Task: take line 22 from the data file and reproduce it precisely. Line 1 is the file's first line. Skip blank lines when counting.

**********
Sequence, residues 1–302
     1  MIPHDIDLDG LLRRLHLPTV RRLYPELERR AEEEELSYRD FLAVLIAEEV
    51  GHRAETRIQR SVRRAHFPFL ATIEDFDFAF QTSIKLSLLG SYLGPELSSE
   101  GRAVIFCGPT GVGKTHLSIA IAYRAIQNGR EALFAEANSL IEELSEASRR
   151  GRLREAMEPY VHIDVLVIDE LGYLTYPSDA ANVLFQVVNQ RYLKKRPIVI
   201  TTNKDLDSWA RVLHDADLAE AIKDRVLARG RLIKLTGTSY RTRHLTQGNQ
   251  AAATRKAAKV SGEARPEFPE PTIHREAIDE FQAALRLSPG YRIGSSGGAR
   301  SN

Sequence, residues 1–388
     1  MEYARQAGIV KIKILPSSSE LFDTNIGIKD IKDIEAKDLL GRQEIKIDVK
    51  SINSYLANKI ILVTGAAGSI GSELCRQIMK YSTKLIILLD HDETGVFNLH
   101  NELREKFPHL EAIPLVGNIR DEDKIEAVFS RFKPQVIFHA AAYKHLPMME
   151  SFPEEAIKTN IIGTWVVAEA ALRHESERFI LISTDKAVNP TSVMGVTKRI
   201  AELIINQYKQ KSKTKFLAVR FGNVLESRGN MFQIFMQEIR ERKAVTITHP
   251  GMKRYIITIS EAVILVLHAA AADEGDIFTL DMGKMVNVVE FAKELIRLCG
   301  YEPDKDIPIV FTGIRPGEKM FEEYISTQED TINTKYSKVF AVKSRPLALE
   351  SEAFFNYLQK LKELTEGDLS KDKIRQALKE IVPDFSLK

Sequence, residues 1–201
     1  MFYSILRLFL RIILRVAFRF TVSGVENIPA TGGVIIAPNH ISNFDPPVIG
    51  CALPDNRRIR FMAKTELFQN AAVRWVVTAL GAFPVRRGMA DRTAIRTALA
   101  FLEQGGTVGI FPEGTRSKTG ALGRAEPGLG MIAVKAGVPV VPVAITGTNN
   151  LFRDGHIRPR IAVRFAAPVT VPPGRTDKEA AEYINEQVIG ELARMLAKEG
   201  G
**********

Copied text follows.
   151  LFRDGHIRPR IAVRFAAPVT VPPGRTDKEA AEYINEQVIG ELARMLAKEG